The sound, of course, was buzzing, but the smell was completely foreign and one I couldn’t describe very easily. It was peaty or gamey or musty, or some combination of those. I imagined thousands of bees below me, crawling all over each over, making honey and beeswax and whatever else they do.”  - Wilber Jansen, Painted Hives

You don't need to be an expert to become fascinated with bees.  How they operate, what they produce, all the good they do for the world…they are, in a word, amazing.  As Mr. Pulijn says in Painted Hives, you might find that the more you learn about bees, the more you'll understand about life itself.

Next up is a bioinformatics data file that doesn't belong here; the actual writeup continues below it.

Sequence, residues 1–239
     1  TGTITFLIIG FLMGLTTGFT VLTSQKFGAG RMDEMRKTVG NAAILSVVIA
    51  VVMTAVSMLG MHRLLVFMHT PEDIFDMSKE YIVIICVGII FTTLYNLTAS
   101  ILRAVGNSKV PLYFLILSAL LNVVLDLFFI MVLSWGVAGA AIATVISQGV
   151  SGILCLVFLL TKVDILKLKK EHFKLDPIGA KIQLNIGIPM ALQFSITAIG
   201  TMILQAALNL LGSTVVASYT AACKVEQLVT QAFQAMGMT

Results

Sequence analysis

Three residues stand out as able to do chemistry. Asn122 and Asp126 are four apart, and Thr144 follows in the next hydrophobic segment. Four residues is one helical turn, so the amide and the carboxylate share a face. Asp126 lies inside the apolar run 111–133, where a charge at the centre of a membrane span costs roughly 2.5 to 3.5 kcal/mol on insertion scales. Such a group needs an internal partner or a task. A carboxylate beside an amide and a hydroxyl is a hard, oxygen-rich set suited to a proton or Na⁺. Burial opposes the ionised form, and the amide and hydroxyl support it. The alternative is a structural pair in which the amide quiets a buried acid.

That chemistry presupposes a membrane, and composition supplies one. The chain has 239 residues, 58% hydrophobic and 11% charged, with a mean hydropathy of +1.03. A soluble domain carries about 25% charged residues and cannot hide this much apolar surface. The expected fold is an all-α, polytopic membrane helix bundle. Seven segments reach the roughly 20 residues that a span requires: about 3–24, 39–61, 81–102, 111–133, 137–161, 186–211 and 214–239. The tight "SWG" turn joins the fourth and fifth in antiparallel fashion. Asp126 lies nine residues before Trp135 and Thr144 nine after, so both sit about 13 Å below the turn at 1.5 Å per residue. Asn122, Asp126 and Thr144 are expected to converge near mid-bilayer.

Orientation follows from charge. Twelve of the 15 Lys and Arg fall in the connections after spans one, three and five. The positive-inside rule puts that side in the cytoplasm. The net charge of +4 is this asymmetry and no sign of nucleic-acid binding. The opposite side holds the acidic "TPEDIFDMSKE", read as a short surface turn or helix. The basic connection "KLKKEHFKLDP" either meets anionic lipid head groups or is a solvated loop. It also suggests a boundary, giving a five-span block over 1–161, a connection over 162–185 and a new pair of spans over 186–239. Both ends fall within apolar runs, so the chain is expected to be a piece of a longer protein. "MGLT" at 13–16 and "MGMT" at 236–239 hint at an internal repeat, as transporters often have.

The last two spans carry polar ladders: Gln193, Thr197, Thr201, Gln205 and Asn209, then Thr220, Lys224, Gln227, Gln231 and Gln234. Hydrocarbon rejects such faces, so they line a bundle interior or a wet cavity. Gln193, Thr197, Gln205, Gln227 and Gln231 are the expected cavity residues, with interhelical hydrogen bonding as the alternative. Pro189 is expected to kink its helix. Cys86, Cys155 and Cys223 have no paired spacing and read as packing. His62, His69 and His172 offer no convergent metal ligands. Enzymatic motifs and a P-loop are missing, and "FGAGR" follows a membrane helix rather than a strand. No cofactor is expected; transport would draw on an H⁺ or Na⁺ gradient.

Unfortunately, bee populations worldwide have experienced significant declines due to pesticide and weedkiller use, parasites, and other causes.  Between 2015 and 2016 alone, beekeepers in the U.S. lost 44% of their bee colonies.  The reason this decline is so concerning is that bees are vital to life as we know it:  70 of the top 100 human food crops, along with the vast majority of other plant species, are pollinated by bees.  In fact, Albert Einstein himself is thought to have said that if bees disappear from the earth that humans can’t be far behind.

How can we help?  We can educate ourselves, cultivate pollinator-friendly landscapes, be cautious with the pesticides we use, and become beekeepers ourselves.  Here are a couple of places to start:  Backyard Beekeeper, The Bee Lab, Pollinator Gardens.